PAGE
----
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7 Steps to Better Cooking
Cooking
Cook with wine. The French have been doing this for centuries, and their cuisine is celebrated wherever fine dining and hangovers are appreciated. - photo by istockphoto.com

Tired of the same old thing for dinner every night? Well, have you ever thought that she might be tired of you, too? Joking aside, we’ve culled the latest food journals and websites to bring you 7 of the best ways to make each meal at home a memorable event. These are meals you won’t forget, or forgive, for a long time:

1. Cook with wine. The French have been doing this for centuries, and their cuisine is celebrated wherever fine dining and hangovers are appreciated. Start by putting a little chardonnay in your soup. Then add a soupcon of sauvignon blanc to your scrambled eggs in the morning. A cup or two of Beaujolais to poach your fish in will bring out the natural oleoresins and peptides that so often escape with our crude cooking methods. Try boiling spaghetti in a gallon of Champaign -- then throw away the noodles and drink the broth; it’s most refreshing. Hic!

2. Always parboil before you roast. Whether it’s duckling or lamb or tripe, a quick dip in boiling water will firm up sagging ligaments and seal in that red, juicy blood, so that when you pull your roast out of the oven at last and cut into it a spurt of red hot ruby juice will fly out and hit your rich uncle right in the kisser; and thus he will leave his millions to someone else in the family and you will remain dead broke for the rest of your miserable life. That’s when you really start cooking with wine, to deaden the pain of your wretched existence.

3. Lard. Do you know that the most sought-after chefs today cook with lard? For too long has this creamy white substance been kept a secret amongst the cognoscenti! Use it in place of butter and watch the greasy smiles blossom at your table -- or, slather it on the kitchen floor and watch your hapless victims slide down the basement steps.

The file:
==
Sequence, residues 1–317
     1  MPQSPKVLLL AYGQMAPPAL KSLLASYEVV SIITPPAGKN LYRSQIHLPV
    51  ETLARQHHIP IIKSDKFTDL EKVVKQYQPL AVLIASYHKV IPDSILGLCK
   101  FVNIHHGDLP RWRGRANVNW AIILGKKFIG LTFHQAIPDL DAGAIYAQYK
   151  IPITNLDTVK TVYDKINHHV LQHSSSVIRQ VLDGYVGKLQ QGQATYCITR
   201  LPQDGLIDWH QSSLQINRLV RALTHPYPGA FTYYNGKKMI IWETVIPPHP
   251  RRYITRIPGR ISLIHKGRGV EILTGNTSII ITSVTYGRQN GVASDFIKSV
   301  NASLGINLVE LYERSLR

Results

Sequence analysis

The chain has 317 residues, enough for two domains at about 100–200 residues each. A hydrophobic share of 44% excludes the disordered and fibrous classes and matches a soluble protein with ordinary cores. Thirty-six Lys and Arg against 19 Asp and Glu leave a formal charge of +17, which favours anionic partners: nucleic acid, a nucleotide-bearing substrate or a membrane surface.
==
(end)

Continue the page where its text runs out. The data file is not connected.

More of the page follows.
4. Cricket flour. Roasted crickets are ground into a fine powder and used in dozens of cookie recipes as a way to add protein and body. But if your family starts telling the temperature by chirping and then adding forty, you better cut back on the cricket flour.

5. Glaze. Everything looks and tastes better when it’s glazed. Think of the humble donut and how much better we like ‘em when they’re glazed. You can make a simple glaze by mixing one part water to one part sugar, put it on to boil, add one drop red food coloring and a pinch of sea salt. Pour this over your family, piping hot, when they start to complain about dinner being late.

6. Save room for tomato aspic! That’s right; just clear a space on the table for it. Then leave it strictly alone. And don’t let Lionel Atwill get near it -- he’ll try to bring it back to life in his laboratory.

7. Start using asafoetida. Also known as devil’s dung. It goes well with anything strong enough to hide its unpleasant flavor. Once word gets out in your neighborhood that you use liberal amounts of asafoetida in your cooking you’ll never be bothered by drop-in dinner guests again. In fact, you may become the prime suspect in any mass poisonings that occur in your region.

(Tim lives in Provo, Utah. He dreams constantly about going back to live and teach in Thailand, where he lived for 5 years. He has put his dream into prose form here: http://www.gofundme.com/cmbn6w.)